I can’t recall the last time I attended a concert in the great outdoors, but it has been quite a number of years since I stood among a throng of people listening to live music. The concert last Friday night was so meaningful to me that I abandoned the comfort of home and whatever was on TV to venture into the City, to get up close and personal with thousands of strangers on a Spring evening. I’m very glad I did.


The concert was completely free, but the intention behind it was to solicit funds to protect the Kimberley region of western Australia. For those with good memories who have been following this blog for awhile, it will be obvious why I felt the need to be at the concert. The Kimberley is a spectacularly beautiful part of this country with very few people. I went on an eight-day tour of the area three years ago, in addition to spending a couple days in Broome and going up to the Dampier Peninsula, where they want to build the plant. It is hard to spend any time there and not feel, as I did, that the land is truly sacred.


Naturally, a consortium of companies wants to build a huge gas plant along a pristine part of the coastline, directly across the largest dinosaur footprints in Australia, adjacent to the world’s largest calving area of humpback whales.

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As the proposed gas hub is one of the largest industrial projects in Australia’s history and will become the largest gas hub in the world, one would expect the environmental impact assessment to be well considered, comprehensive, robust and based on sound science. Unfortunately the EPA’s assessment fell far below these expectations. It was, essentially, made by one man. All the other members of the committee had to recuse themselves because of conflicts of interest.

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The area is so ecologically and culturally rich that it was recommended for National Park protection by the Australian Academy of Sciences and the National Parks Board of Western Australia in 1962; the WA Environmental Protection Authority in 1977 and 1993; the WA Department of Conservation and Land Management in 1991; the Broome Shire, Department of Land Administration and WA State Cabinet in 2000; and the Broome Planning Steering Committee in 2005. (Malcolm Lindsay, PHD candidate at the University of Melbourne)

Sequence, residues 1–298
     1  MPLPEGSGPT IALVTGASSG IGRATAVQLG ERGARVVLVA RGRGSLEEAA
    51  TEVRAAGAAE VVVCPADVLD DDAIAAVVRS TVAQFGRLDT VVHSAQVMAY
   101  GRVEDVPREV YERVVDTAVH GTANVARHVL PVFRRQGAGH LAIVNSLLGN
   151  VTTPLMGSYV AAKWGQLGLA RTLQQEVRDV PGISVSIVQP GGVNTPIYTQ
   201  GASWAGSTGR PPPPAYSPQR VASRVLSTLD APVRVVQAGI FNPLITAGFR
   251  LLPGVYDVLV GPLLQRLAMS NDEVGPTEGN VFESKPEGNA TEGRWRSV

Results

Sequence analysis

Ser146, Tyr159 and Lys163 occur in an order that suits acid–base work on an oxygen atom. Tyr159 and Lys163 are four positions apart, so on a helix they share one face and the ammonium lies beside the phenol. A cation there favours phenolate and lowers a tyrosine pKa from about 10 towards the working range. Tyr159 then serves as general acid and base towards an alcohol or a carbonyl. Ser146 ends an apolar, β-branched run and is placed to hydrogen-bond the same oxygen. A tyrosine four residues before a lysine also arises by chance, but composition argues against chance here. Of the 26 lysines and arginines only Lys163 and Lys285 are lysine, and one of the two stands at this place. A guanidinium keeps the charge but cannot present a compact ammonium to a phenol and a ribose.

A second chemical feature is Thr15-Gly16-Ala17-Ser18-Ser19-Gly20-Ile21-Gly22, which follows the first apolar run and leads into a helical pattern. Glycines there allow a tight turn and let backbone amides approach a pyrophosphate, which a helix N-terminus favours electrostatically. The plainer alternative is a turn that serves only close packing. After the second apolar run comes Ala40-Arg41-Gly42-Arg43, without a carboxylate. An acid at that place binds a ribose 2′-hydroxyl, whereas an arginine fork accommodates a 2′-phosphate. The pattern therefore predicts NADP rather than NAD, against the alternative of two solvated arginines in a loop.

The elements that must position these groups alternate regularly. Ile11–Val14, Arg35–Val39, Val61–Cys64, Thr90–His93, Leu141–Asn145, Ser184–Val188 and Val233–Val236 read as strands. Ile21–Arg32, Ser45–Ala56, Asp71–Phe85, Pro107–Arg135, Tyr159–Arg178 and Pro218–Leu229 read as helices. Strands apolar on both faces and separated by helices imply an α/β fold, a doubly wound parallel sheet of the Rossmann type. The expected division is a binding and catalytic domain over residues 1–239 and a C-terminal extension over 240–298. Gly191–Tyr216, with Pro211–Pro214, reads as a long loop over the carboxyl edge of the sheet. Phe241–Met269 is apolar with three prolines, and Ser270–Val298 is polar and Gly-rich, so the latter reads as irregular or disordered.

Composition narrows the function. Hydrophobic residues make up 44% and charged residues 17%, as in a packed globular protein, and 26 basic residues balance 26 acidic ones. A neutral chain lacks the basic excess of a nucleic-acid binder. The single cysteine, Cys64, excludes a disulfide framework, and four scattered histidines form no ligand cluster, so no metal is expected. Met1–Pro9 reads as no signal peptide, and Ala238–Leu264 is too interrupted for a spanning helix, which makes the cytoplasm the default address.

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This is all at odds with the state premier Colin Barnett’s description of the area as an “unremarkable” piece of coastline. The prevailing attitude of those in power in Western Australia is identical to that of the premiers and governors in the Western United States and Canada, it is our right and duty to ravage the land. Animals and natural landforms and archeological sites simply get in the way. The excuse is inevitably that the region needs jobs, money and development. What else could possibly matter?

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I would be very surprised if any more than one in twenty of those attending had actually been to the Kimberley. Australians don’t travel all that much in their own country, since it is a lot cheaper to fly to Bali or Thailand than see the Kimberley or the Ningaloo Reef. But as one of the spokesmen at the concert pointed out, Aussies don’t send postcards of giant holes in the ground or great gas plants to their friends and relatives overseas. Even if they were attending for the free music, they knew their country had to be protected.

Enough damage has been done. It is time to protect the beauty and the wildlife that remain. Check out my Kimberley set of pics on Flickr, http://www.flickr.com/photos/jhalbrook/sets/?&page=2. See if you don’t agree it deserves a chance to stay just the way it is.